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Maintenance practices: Cleanup size at planting

When planting near sidewalks, do not select trees with large, hard, or fleshy fruit.

If there is not a budget for cleanup, fruit litter on the sidewalk can be hazardous to pedestrians.

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Site Evaluation size at planting

  • Above ground site attributes

  • Below ground site attributes

  • Potential site modifications

  • Maintenance practices

  • Desirable tree attributes

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Desirable tree attributes size at planting

  • Canopy density

  • Deciduous vs. evergreen

  • Growth rate

  • Wood strength

  • Function

  • Mature size

  • Form

  • Longevity

  • Ornamental traits

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Desirable attributes: Function size at planting

  • Shade

  • Erosion control

  • Stream bank stabilization

  • Wildlife support

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Desirable attributes: Mature size size at planting

Small (< 30 ft. at mature height)

  • Ornamental features: showy flowers, fruit, foliage, or bark

  • Nice as specimen plant near deck or patio

  • Good for small soil spaces

    Large (> 50 ft. at mature height)

  • Provide shade

  • Can reduce air conditioning bills when placed properly

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Desirable attributes: Form size at planting

Form Function

Wide spreading canopy (i.e. live oak, sugar maple)

Erosion control, shade

Tall and narrow canopy

(i.e. Italian cypress)

Location near power lines

Upright, vase shape

(i.e. zelkova)

Location along street or sidewalk

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Desirable attributes: Longevity size at planting

  • Highly urbanized site

    - Life span is less of a concern as most trees are short-lived in this setting.

  • Open spaces like parks, residential, or commercial landscapes

    - Large maturing trees usually live longer than small trees.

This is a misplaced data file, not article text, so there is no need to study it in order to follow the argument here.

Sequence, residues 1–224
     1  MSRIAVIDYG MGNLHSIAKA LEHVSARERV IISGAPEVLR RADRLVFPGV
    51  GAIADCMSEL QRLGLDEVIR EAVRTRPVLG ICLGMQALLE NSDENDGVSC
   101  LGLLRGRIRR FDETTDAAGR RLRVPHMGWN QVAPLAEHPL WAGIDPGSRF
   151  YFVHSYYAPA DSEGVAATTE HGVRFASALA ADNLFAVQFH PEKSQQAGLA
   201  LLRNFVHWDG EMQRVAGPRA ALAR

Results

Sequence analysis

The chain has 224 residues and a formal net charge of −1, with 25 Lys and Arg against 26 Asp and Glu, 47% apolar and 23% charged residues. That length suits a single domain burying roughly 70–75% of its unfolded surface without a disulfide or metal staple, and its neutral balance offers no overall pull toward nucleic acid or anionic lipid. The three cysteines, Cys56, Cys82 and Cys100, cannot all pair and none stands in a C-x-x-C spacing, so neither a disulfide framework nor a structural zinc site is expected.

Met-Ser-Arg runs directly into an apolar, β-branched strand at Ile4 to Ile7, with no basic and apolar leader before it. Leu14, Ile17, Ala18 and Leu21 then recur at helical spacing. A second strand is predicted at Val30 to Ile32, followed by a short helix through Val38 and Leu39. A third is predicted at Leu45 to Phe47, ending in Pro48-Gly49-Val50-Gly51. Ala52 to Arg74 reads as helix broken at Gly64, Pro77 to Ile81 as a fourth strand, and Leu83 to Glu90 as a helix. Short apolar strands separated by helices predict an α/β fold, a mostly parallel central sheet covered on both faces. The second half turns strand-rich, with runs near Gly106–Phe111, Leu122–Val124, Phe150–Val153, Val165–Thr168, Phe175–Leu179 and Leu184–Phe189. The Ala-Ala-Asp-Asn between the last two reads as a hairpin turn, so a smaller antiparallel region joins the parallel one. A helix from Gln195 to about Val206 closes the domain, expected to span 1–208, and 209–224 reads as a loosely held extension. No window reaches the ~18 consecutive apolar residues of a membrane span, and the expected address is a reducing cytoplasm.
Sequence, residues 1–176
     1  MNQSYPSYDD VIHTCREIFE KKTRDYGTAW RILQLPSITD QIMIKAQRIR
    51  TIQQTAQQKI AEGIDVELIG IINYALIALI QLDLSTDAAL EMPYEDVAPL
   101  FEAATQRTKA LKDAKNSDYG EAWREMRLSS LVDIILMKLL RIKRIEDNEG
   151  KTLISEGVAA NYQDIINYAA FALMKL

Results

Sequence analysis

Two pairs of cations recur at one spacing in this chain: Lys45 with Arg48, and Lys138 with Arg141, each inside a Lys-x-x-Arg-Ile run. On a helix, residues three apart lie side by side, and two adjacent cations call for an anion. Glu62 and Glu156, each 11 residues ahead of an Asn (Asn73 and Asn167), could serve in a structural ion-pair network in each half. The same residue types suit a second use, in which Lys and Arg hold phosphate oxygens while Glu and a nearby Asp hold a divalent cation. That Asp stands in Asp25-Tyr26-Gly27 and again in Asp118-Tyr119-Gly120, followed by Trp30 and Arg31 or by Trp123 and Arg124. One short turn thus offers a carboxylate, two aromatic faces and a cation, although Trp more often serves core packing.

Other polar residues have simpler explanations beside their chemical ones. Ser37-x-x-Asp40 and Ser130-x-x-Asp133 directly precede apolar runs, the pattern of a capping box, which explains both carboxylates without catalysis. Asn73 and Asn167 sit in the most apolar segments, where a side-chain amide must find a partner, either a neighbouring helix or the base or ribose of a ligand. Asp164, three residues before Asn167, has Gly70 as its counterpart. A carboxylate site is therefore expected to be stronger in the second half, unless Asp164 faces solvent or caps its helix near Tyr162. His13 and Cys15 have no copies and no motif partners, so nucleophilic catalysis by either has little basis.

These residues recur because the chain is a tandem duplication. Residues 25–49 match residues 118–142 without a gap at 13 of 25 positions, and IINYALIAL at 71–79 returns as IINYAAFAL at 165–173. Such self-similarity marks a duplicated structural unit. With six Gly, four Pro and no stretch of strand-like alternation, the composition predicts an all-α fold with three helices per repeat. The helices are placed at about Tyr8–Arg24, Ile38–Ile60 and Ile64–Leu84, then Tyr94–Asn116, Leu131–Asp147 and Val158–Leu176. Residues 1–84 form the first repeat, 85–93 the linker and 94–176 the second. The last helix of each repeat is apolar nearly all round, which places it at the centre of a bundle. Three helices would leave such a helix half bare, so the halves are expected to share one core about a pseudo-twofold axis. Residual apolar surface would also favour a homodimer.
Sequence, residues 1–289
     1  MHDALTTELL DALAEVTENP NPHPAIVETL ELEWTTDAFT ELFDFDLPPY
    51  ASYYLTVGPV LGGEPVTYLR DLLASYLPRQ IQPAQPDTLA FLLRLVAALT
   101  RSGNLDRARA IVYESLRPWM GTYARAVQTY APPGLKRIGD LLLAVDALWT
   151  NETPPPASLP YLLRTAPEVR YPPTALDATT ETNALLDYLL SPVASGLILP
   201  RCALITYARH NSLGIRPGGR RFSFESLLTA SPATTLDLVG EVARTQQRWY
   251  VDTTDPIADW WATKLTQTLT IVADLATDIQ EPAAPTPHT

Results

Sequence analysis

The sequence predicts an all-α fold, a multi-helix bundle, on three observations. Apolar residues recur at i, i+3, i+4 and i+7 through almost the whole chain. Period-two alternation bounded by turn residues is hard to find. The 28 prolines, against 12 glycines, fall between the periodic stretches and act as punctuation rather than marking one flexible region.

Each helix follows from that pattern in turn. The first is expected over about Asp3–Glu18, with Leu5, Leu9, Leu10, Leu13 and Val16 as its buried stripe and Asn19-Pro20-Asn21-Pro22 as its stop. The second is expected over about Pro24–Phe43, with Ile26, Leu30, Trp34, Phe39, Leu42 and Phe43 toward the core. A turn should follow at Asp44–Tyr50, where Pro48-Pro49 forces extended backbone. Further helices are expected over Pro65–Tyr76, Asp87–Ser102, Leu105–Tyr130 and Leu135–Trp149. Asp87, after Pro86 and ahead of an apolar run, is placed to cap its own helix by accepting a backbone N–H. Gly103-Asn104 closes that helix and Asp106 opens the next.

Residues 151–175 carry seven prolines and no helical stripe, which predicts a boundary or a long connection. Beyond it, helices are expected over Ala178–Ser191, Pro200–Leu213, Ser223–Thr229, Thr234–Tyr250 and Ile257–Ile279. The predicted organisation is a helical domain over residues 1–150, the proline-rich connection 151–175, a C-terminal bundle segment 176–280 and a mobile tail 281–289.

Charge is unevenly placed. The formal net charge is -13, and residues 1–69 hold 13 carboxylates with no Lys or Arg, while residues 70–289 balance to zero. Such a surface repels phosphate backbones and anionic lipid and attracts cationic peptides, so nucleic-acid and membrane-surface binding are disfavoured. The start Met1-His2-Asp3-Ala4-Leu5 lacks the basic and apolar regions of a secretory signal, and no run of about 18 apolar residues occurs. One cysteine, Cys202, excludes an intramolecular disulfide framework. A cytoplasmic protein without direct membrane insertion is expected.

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Desirable attributes: Canopy density size at planting

  • Dense canopy

    - Provides shade for pedestrians and buildings

  • Open canopy

    - Allows light to penetrate so that grass can grow beneath

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Desirable attributes: size at plantingDeciduous vs. Evergreen

Warm climates

Evergreen is preferred as a street tree because it provides shade from year-round sunlight.

Northern climates

Deciduous is preferred for urban sites because it allows warm sunlight to heat sidewalks in winter.

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Desirable attributes: size at plantingGrowth rate and wood strength

Fast growing species can (but not always) have brittle wood that is susceptible to breakage.

Notice the broken limb hanging in the tree.

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Desirable attributes: size at plantingOrnamental traits

After evaluating the site and coming up with a list of trees that can thrive in those conditions, now comes the fun part!

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Tree Selection size at planting

Visit these websites for your final tree selection:

Northern Trees (zones 2 – 7) http://orb.at.ufl.edu/TREES/index.html

Florida Trees (zones 8 – 9) http://orb.at.ufl.edu/FloridaTrees/index.html

Enter the site attributes and get a list of species to choose from.